By John Hugh DeMastri for Daily Caller News Foundation
Pension plans and 401(k)s are forecasted to take trillions in losses this year, with their purchasing power hit further by the impact of inflation, according to estimates from Heritage Foundation economists.
The average 401(k) plan held roughly $135,000 at the start of 2022 but has since decayed to around $101,000 according to economists Stephen Moore and E.J. Antoni, who first published these estimates in a New York Post op-ed. The pair estimate that pension plans have lost roughly $4 trillion in assets year-to-date, declining from $27.8 trillion in assets to just under $24 trillion for a roughly 15% decline in overall value.
Deficit spending “has caused the current inflation which in turn is prompting the Fed to raise rates hard and fast,” said Antoni in a statement to the Daily Caller News Foundation. “That is putting the market into a tailspin.”
The economists’ estimates for 401(k) plans closely mirrored the results reported by investment firm Fidelity, which reported a roughly 20% decline from $131,000 at the start of the year to $104,000 at the midpoint of 2022. Over the same time frame, pension assets have declined from $27.8 trillion to $26.3 trillion, a roughly 5.5% decline, the Federal Reserve reported in September.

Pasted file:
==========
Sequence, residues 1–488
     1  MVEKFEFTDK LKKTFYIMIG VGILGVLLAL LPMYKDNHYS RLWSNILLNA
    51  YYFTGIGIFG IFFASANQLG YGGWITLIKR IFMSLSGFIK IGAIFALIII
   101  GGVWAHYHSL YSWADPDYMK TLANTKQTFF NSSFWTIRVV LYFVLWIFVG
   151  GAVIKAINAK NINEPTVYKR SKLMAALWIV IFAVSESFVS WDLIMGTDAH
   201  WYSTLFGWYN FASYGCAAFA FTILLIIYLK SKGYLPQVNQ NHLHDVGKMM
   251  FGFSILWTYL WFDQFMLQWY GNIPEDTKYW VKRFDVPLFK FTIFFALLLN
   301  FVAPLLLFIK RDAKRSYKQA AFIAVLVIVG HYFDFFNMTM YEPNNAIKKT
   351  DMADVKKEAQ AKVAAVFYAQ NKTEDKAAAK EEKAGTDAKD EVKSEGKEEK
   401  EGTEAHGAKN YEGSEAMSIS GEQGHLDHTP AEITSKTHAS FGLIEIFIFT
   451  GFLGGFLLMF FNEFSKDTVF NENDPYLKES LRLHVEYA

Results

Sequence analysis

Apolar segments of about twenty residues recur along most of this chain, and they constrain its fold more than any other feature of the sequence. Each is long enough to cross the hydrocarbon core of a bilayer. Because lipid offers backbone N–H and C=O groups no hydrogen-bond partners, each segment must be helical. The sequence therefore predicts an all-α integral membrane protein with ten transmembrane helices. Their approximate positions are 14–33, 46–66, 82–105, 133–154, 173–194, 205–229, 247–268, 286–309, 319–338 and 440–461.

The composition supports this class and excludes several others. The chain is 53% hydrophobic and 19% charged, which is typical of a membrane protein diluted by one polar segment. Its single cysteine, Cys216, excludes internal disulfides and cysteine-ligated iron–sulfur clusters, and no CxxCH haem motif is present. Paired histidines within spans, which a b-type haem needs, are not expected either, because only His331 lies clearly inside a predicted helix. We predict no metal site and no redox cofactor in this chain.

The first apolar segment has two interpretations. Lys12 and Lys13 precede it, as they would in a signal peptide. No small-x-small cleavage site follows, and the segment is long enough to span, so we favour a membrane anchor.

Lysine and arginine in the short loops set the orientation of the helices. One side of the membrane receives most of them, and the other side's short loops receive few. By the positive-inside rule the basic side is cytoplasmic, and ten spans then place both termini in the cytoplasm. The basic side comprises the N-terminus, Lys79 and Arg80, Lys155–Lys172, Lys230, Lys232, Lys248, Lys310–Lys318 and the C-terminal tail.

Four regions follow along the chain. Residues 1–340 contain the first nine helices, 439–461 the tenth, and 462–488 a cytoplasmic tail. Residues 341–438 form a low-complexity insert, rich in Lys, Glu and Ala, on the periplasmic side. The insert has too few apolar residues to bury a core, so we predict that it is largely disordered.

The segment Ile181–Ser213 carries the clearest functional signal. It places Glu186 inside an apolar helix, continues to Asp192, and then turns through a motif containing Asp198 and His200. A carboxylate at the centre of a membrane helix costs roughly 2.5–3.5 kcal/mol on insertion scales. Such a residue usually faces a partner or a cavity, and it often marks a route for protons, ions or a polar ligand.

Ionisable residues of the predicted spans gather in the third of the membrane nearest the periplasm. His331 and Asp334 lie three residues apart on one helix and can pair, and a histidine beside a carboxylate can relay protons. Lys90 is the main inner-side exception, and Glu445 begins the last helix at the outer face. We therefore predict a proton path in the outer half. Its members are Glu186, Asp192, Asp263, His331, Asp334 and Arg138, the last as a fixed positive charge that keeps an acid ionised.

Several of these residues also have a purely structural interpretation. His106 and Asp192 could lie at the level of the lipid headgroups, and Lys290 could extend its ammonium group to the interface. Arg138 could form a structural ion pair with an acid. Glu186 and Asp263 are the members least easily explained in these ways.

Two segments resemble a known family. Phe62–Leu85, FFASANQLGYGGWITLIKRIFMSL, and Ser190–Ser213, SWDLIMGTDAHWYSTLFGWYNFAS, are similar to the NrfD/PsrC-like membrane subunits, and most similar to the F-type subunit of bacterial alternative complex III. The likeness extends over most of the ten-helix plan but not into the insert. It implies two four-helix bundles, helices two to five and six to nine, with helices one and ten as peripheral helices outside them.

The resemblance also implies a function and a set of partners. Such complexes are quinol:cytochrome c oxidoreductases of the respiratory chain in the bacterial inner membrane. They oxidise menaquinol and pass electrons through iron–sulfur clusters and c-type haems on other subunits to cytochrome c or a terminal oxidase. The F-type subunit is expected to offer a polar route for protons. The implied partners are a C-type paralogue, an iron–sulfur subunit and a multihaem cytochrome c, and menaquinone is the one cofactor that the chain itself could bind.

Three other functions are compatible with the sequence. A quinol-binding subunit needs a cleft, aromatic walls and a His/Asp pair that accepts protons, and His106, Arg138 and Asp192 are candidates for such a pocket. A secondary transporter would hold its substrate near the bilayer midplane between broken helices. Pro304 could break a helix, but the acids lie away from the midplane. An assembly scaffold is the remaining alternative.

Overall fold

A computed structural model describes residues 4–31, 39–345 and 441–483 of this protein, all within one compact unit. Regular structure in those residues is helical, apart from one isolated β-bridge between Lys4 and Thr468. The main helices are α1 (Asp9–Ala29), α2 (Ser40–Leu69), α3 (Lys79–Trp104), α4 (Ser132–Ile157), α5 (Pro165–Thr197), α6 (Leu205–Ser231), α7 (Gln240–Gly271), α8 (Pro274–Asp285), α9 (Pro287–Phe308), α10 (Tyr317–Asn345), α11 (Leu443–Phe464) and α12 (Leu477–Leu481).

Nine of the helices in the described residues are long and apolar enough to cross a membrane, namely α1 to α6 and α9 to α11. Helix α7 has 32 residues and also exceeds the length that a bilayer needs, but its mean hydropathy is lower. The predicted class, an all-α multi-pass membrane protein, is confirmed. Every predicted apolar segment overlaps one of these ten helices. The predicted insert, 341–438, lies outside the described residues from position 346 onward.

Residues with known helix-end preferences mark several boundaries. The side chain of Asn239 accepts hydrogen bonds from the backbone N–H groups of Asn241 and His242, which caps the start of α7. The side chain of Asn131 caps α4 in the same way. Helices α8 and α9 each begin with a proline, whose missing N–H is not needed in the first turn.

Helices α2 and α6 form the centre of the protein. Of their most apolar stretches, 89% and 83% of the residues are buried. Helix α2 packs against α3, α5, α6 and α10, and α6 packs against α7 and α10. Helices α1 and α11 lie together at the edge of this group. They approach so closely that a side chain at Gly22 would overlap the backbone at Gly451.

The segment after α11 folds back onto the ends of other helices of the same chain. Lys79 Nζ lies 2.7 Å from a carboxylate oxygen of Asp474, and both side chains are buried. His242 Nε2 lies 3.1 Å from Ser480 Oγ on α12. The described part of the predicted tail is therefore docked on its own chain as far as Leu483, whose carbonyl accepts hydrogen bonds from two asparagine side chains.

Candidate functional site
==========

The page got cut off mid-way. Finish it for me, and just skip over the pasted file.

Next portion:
The estimate comes as inflation continued to beat investor expectations in September at 8.2% year-on-year, more than four times the Federal Reserve’s target of 2%. Food prices remained significantly elevated, growing 0.8% on a monthly basis from August, and 11.2% on a yearly basis.
Americans are $4,200 poorer today than when Biden took office.
And if this hit to your monthly budget isn’t enough, now you have to consider another 12.7% loss in buying power with the rise in prices of all good.
Heritage expert EJ Antoni joins @tracegallagher on Fox.
The pinch has resulted in the effective purchasing power of a typical $101,000 401(k) to fall to approximately $96,000, Moore and Antoni estimated. The impacts of inflation have also been seen in consumer spending, which fell relative to inflation in September.
Link to the original article on the Daily Caller website.